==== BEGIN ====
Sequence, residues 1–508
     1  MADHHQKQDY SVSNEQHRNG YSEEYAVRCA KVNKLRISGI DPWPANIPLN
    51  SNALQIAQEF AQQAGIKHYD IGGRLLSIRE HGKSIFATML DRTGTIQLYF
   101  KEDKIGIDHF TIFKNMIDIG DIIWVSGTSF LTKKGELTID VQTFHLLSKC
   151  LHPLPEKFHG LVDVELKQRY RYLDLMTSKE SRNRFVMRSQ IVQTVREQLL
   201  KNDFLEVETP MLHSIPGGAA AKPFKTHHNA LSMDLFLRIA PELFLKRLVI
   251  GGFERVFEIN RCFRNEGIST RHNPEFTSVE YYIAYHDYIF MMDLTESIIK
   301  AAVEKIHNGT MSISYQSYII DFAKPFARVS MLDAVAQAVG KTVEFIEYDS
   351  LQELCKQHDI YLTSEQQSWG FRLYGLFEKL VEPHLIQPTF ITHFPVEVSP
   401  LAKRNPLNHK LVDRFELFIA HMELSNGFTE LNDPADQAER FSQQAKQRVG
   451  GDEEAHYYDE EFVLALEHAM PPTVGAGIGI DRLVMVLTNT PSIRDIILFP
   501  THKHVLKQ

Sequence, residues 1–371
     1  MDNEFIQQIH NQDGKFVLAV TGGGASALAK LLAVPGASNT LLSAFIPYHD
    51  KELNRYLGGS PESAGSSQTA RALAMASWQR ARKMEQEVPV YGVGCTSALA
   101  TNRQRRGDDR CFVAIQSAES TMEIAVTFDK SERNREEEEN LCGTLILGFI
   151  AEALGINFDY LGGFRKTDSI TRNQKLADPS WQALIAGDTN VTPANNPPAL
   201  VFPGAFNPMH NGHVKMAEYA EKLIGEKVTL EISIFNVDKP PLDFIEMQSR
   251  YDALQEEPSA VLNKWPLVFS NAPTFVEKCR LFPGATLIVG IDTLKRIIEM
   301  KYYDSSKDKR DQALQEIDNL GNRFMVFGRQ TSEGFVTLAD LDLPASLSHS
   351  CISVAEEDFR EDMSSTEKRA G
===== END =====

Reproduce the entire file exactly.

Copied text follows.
Sequence, residues 1–508
     1  MADHHQKQDY SVSNEQHRNG YSEEYAVRCA KVNKLRISGI DPWPANIPLN
    51  SNALQIAQEF AQQAGIKHYD IGGRLLSIRE HGKSIFATML DRTGTIQLYF
   101  KEDKIGIDHF TIFKNMIDIG DIIWVSGTSF LTKKGELTID VQTFHLLSKC
   151  LHPLPEKFHG LVDVELKQRY RYLDLMTSKE SRNRFVMRSQ IVQTVREQLL
   201  KNDFLEVETP MLHSIPGGAA AKPFKTHHNA LSMDLFLRIA PELFLKRLVI
   251  GGFERVFEIN RCFRNEGIST RHNPEFTSVE YYIAYHDYIF MMDLTESIIK
   301  AAVEKIHNGT MSISYQSYII DFAKPFARVS MLDAVAQAVG KTVEFIEYDS
   351  LQELCKQHDI YLTSEQQSWG FRLYGLFEKL VEPHLIQPTF ITHFPVEVSP
   401  LAKRNPLNHK LVDRFELFIA HMELSNGFTE LNDPADQAER FSQQAKQRVG
   451  GDEEAHYYDE EFVLALEHAM PPTVGAGIGI DRLVMVLTNT PSIRDIILFP
   501  THKHVLKQ

Sequence, residues 1–371
     1  MDNEFIQQIH NQDGKFVLAV TGGGASALAK LLAVPGASNT LLSAFIPYHD
    51  KELNRYLGGS PESAGSSQTA RALAMASWQR ARKMEQEVPV YGVGCTSALA
   101  TNRQRRGDDR CFVAIQSAES TMEIAVTFDK SERNREEEEN LCGTLILGFI
   151  AEALGINFDY LGGFRKTDSI TRNQKLADPS WQALIAGDTN VTPANNPPAL
   201  VFPGAFNPMH NGHVKMAEYA EKLIGEKVTL EISIFNVDKP PLDFIEMQSR
   251  YDALQEEPSA VLNKWPLVFS NAPTFVEKCR LFPGATLIVG IDTLKRIIEM
   301  KYYDSSKDKR DQALQEIDNL GNRFMVFGRQ TSEGFVTLAD LDLPASLSHS
   351  CISVAEEDFR EDMSSTEKRA G